In the midst of protests rippling across the country, we must make an unwavering commitment to talk about matters of race and privilege because we ourselves are people living in America. It’s vital for students to have the space in which they feel safe and encouraged to participate in conversations about sensitive and uncomfortable topics. They need a space where they can practice listening, taking on new perspectives, asking questions, disagreeing with others, asserting allyship, being an upstander, and most importantly, making mistakes and learning from those fumbles.

Not only will this strengthen students’ communications skills, it will also make them more courageous and compassionate people who can interact respectfully and responsibly with others when they leave Alto and journey into the various avenues of their lives outside of school. This is why at Alto this week Advisory teachers have been leading discussions with students about the current civic unrest in America and its root causes.

We are sure that this work will continue at Alto into the future as it continues to have one foot in the globalized world and one foot in its local context.

Linda Lee, Upper School English Teacher and Richard Goulding, Upper School History & TOK Teacher

Speak Up

As a parent, a teacher, an Alto community member, a member of American society, a world citizen, a human, it is our duty to speak up.

I came to California in 2004 to study multi-ethnic theatre with an African American theater specialist, Professor Harry Elam. One of the plays that we studied was Twilight: Los Angeles, 1992 by Anna-Deveare Smith. This documentary play presented the riots that occurred in Los Angeles after a trial jury acquitted four police officers for using excessive force in the arrest and beating of Rodney King. I was deeply shaken by this play as it exposed so openly the racial discriminations woven into the fabric of American society.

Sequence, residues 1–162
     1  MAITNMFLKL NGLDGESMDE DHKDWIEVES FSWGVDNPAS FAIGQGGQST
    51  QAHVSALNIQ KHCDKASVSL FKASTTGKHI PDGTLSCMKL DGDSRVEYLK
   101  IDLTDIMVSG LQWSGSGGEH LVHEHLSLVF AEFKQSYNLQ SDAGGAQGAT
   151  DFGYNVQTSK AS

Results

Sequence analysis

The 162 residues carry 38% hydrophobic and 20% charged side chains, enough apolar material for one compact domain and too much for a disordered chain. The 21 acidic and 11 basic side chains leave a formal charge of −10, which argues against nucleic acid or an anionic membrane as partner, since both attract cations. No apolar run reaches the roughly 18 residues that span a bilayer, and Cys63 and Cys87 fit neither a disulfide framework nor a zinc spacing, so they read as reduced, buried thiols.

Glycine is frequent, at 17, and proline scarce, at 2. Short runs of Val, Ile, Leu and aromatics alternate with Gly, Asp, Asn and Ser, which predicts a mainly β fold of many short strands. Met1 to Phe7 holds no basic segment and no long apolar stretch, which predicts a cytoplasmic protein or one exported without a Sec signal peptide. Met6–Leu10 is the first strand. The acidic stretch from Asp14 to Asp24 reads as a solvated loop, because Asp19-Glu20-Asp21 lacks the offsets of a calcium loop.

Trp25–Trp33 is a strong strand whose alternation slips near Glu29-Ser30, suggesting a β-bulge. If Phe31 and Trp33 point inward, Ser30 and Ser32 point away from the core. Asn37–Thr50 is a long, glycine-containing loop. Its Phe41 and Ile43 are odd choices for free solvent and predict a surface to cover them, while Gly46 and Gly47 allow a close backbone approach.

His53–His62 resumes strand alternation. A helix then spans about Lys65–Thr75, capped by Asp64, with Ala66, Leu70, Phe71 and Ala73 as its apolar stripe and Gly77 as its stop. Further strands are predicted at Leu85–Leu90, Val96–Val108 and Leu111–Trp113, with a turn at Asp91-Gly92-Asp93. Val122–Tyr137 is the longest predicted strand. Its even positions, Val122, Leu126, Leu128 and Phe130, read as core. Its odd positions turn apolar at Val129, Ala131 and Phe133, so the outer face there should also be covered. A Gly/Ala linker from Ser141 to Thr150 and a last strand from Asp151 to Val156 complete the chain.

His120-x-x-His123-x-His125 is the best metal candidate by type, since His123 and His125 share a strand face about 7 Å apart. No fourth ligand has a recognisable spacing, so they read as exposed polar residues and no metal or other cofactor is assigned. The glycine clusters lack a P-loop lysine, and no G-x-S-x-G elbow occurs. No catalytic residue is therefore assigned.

Unfortunately, since then, we have all continued to witness police brutality against people of color. The recent horrific murder of George Floyd and subsequent anti-racism protests all around the world echo deeply with Rodney King’s. It forces us to reposition ourselves, question our identities, and the role we must play in society.

In the midst of the current worldwide pandemic, when people are struggling to survive, when front-line workers are putting their lives at risk to serve us when doctors and nurses are working tirelessly to save lives, this cold-blooded murder is simply unbearable to watch.

We all have a role to play. As parents, it is our duty to raise issues of discrimination with our children. As teachers, we must engage our students in open debates about injustice. As Alto community members, we must remember that we are here to support and help each other. As members of American society, we must stand united against racism. As world citizens, we must continue to listen to and empathize with others. As humans, we ought to find love, kindness, and compassion in our hearts. Speak up. Only then can we re-imagine a better future where we are all equal.

Caroline De Wagter, French Language Teacher and Alto Parent


Here are a few resources to explore this important topic with children and teenagers at home. Children’s books are one of the most effective and practical tools for initiating these critical conversations with younger students; and they can also be used to model what it means to resist and dismantle oppression.

You might also like